Food barren Pibor prepares for an early and severe rainy season

UNICEF maintains services before, during and after the floods

Lisa Lynn Hill
Health and Nutrition supplies arrive by airplane
14 March 2021

PIBOR, 11 March 2021 - “They are anxious about the coming rains, forecasted to be early this April and go late through November. They are left with nothing after being washed out of their homes during last year’s floods.” Bosco, a UNICEF Nutrition Officer, looks concerned as he shares the news from community meetings. “They built berms and had small gardens and some food, but the water destroyed it all.” When people do migrate back to their homes, the mud walls of their houses have washed down, livestock has moved out of the area and crops have been diminished. However, life must continue. As communities bide time on seasonal fish and wild tree fruits, UNICEF is helping the most vulnerable still struggling with the aftermath of the 2020 floods while preparing for the next rainy season.

The numbers are overwhelming: 60 per cent of the people in South Sudan are expected to face a food crisis, or worse, through July 2021, according to a recent food security assessment. Jonglei State and the Greater Pibor Administrative Area are expected to be hit the hardest. These areas have also experienced extreme flooding the past two years, displacing over 495,000 people. Insecurity, poor road accessibility and COVID-19 restrictions are further intensifying the condition.

Displaced people are living on wild tree fruits like these guul.

Displaced people are living on wild tree fruits like these, called guul in Murle language.

Young lady selling local caught fish at the market.

For a small income, this young woman sells locally caught fish at the market.

To mitigate deadly outcomes, UNICEF is investing in flood resilience by developing a multisector, early preparedness and emergency response plan and supporting local partners for a coordinated and increased response on the ground.

“During the floods last year, displaced people moved to any ground raised out of the water. UNICEF moved the only health facility, managed by Live Well, into temporary tents right alongside those communities and designated eight mobile outreach teams through partner organizations like JAM and Plan International, in order to sustain activities. The teams were treating malnutrition, providing health services and water, sanitation and hygiene access,” reports Bosco Cirakol.

Community meeting with Health Cluster
Bosco Cirakol (second from left, red mask) leads a community meeting in Bathikoryom settlement, along with William Guk (UNICEF, standing), Mesema Minawa (SSD Peace Corps, middle), Emmanuel Atanasio (UNICEF, cyan hat), Dr Lucy Meseka (WHO, 2nd from right), Lovermore Sorofa (Midair, right).

Last year’s floods are one of the main contributors to this year’s food and nutrition crisis. Severe floods cause displacement, food insecurity and water borne diseases which further leads to severe acute malnutrition. It can cause death if not treated in time, especially in the youngest children. In the Pibor Administrative Area, cases of severe acute malnutrition have tripled in the past few months. “In February, UNICEF and partners assessed the nutrition situation of children in the communities that are still displaced. Their situation remains critical.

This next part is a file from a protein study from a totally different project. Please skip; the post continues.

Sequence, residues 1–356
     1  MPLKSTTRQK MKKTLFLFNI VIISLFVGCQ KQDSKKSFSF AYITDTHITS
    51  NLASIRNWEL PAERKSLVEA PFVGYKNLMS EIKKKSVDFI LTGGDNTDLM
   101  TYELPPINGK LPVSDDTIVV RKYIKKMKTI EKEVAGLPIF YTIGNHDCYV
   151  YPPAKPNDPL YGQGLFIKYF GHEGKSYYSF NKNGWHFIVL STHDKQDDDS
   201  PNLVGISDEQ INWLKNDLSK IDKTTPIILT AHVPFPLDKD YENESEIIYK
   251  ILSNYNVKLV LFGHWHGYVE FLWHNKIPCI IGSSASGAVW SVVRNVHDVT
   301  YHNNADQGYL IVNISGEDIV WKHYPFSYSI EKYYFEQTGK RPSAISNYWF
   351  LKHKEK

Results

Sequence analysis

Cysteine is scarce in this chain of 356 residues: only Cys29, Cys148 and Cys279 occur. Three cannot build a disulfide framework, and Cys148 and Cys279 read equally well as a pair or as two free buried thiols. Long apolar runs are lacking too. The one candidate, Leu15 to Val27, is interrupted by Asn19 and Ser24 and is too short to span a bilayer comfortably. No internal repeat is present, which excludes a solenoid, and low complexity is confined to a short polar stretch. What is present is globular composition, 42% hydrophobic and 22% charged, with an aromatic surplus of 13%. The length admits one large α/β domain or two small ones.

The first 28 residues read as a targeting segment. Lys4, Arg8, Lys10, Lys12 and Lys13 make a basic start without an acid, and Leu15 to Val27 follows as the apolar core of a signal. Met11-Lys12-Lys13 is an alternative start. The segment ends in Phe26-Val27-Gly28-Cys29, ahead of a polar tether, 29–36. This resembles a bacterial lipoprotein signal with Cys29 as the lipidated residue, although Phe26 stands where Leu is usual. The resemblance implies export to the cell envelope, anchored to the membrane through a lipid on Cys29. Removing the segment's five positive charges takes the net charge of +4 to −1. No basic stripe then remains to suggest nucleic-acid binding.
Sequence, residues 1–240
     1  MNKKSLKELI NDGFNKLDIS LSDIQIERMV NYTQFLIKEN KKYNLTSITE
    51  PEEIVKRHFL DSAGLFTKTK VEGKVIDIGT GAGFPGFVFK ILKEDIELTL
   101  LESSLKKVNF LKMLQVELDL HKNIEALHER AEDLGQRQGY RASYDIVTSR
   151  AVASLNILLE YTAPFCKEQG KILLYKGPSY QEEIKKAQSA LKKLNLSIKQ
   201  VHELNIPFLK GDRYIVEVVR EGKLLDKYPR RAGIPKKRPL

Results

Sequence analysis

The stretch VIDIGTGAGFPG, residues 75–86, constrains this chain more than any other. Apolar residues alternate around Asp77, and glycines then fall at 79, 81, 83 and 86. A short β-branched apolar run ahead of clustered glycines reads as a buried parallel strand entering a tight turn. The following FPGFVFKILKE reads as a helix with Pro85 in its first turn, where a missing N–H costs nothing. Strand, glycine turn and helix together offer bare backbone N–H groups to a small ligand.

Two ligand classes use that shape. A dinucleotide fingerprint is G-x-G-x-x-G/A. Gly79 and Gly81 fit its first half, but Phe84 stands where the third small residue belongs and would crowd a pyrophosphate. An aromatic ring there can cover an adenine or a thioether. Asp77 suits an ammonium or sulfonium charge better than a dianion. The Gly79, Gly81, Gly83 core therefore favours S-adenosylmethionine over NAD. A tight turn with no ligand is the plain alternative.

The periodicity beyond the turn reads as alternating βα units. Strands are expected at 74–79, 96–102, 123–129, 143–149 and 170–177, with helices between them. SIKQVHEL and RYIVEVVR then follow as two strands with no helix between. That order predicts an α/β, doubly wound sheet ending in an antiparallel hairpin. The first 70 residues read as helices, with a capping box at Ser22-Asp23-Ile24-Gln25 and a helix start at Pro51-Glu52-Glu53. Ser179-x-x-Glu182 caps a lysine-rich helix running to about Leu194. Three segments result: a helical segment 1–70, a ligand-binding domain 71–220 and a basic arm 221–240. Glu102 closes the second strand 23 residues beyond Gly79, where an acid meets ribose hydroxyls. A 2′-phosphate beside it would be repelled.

We are responding to their needs by increasing the number of nutrition centres to treat malnourished children.” Bosco further explains: “Also, families are being trained to screen their children for malnutrition by measuring their upper arm circumference.” Meanwhile, the water, sanitation and hygiene partners are looking to rehabilitate boreholes to ensure access to clean water.  

Currently, the dry season is apparent by the brown, barren trees and dust in the air so thick that you can taste it. Yet, the River Nile and the surrounding rivers refuse to drain back into their banks, leaving families displaced as three counties in Jonglei State are still flooded.

“This year we are better prepared for the upcoming, early flooding period. We have mapped where extra resources and services are needed based on the 400,000 people displaced in Jonglei State during the last floods,” says Bosco.

UNICEF warehouse is full of supplies as they prepare for the flood season.
75 boxes of Ready-to-use therapeutic food (RUTF) are going to ship out to partner organization JAM. Baba Luka (right) says that the UNICEF warehouses are prone to flooding and berms must be carefully maintained. "We also live with the floods and have to make sure we can remain of service."

UNICEF and partners are listening to the needs of the communities and putting their resources together. Teams have already stocked up on main supplies like RUTF (ready-to-use therapeutic food) and antibiotics while other items like mosquito nets, buckets and soap are on the way. Bosco confirms, “We learned from the past, we know what to expect and how to prepare with the resources we have.”

UNICEF would like to thank our many donors, allowing us to be there before during and after the floods, including Canada, Czech Republic, ECHO, the EU, GAVI, Germany, Italy, Kuwait, Slovakia, Sweden, the German Nat.Com, the People's Republic of China, UK Aid and USAID. A special thank you goes out to all the governments that are funding UNICEF's Humanitarian Action for Children (HAC), allowing us to respond timely to crises.